Bellona and the Norwegian-based Nature and Youth demand a thorough environmental survey of the new areas each country has acquired as part of the management plan for the Barents Sea and areas off Norway’s Northern Lofoten Islands.
With two pen strokes the old grey zone diving the countries’ Arctic holdings in the Barents Sea were made history as foreign ministers Jonas Gahr Store of Norway and Sergei Lavrov of Russia today sign the boundary agreement in Murmansk.
The new agreement includes a clarification ownership of a disputed 175,000 square kilometre area in the Barents Sea and Arctic Ocean, where it is assumed there are great resources in fishing, oil, and gas.
Warnings against new oil operations
Talk of a new oil race to the area has been a hot topic long before the demarcation line was agreed to by the two countries.
“The new treaty must not be used as an opportunity to open new, vulnerable areas for oil exploration,” said Bellona President Frederic Hauge.
Haugue expects instead that the new border agreement will be used to guide Russia in the right direction when it comes to the environment and democratic reform.
“Norway must use the momentum from this agreement to create consensus on several of the major environmental problems we must solve together with the Russians, “said Frederic Hauge.
More environmental information needed
While Norway and Russia are now agreed on the distribution of the previously undefined area in the Arctic seas, the Management plan for the Barents Sea and the Sea Areas off the Lofoten Islands is undergoing revision. In connection with ongoing consultations, the Friends of the Earth Norway, Bellona and Nature and Youth will set out clear requirements in a statement.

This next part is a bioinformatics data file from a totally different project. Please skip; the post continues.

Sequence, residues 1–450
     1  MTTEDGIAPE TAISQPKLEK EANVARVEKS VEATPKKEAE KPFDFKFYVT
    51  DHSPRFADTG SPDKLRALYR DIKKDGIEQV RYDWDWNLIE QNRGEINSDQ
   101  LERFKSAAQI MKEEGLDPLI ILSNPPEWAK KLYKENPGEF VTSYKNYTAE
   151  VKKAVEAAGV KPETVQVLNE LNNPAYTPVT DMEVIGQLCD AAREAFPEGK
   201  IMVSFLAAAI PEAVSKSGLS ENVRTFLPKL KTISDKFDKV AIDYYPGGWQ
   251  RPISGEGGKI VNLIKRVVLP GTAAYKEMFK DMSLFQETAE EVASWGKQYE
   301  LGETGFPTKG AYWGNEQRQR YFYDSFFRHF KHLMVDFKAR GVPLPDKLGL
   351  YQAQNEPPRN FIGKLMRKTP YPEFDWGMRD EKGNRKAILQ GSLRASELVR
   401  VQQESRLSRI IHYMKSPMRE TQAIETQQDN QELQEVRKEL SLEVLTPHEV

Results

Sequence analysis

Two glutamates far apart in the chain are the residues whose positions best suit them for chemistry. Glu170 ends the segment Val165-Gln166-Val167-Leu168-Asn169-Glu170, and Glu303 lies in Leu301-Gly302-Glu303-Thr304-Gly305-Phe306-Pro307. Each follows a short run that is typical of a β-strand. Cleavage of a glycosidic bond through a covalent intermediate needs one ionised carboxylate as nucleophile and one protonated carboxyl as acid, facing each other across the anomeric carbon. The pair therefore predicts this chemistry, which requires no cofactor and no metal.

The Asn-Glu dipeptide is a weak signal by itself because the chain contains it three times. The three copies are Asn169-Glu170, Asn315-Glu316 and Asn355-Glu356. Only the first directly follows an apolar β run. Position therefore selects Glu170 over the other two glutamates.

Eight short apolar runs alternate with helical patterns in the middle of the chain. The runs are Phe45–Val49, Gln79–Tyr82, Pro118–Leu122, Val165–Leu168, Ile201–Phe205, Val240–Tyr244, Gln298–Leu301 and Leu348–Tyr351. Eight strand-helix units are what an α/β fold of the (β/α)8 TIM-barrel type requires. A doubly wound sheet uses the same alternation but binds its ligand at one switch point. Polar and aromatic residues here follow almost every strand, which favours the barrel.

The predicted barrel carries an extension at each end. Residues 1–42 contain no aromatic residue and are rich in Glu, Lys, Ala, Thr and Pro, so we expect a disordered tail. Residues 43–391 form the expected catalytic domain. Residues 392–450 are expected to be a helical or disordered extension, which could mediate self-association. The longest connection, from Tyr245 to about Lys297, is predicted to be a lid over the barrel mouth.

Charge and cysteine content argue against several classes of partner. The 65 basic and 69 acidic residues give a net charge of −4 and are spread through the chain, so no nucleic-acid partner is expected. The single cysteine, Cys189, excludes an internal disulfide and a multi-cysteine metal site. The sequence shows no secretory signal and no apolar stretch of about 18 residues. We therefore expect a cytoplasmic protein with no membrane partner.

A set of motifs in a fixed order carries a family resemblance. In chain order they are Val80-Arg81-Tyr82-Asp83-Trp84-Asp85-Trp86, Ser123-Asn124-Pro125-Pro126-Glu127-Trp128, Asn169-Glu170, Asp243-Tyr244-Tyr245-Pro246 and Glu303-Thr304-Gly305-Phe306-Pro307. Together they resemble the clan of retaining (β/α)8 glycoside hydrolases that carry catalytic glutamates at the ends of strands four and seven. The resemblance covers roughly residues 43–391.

“We need to look at the management of this large new area in the context of the rest of the North. We therefore demand that a thorough environmental survey of the previously grey area be conducted in the overall management plan for the Barents Sea and the waters off the Lofoten islands, “said Lars Haltbrekken, head of Friends of the Earth Norway.
Haltbrekken added that, “This must be done before one can make a decision on any form of oil-related activity in this important area. We need new information about climate change, ice problems, acidification of the sea and oil spill preparedness.”
Going against the adopted climate change policies
Prior to the signing of the boundary agreement, Norwegian Prime Minister Jens Stoltenberg said that it follows that seismic surveys should begin soon to determine the quantity of resources exist that in the area, and he signalled that a new oil adventure is in the offing.
“The Prime Minister likes to talk about Norway’s climate commitments. But still has yet to act on those boasts here at home. To open to oil exploration in the north is to go against adopted Norwegian climate policy,” said Ola Skålvik Elvevold, head of the Nature and Youth.
“There is a lot of cold water in the Barents Sea, and we have to be cool headed and cannot let oil intoxication rule,” said Elvevold.
The joint consultative opinion from the environmental organizations is expected by the end of September.
Contacts for the press:
Ola Skålvik Elvevold, Nature and Youth. Tel +47 41 68 50 31
Lars Haltbrekken, Nature Conservation Association, Norway. Tel + 47 91 61 21 91
Ruth Astrid L Seter, Information Adviser, Bellona. Tel. + 47 92 86 88 11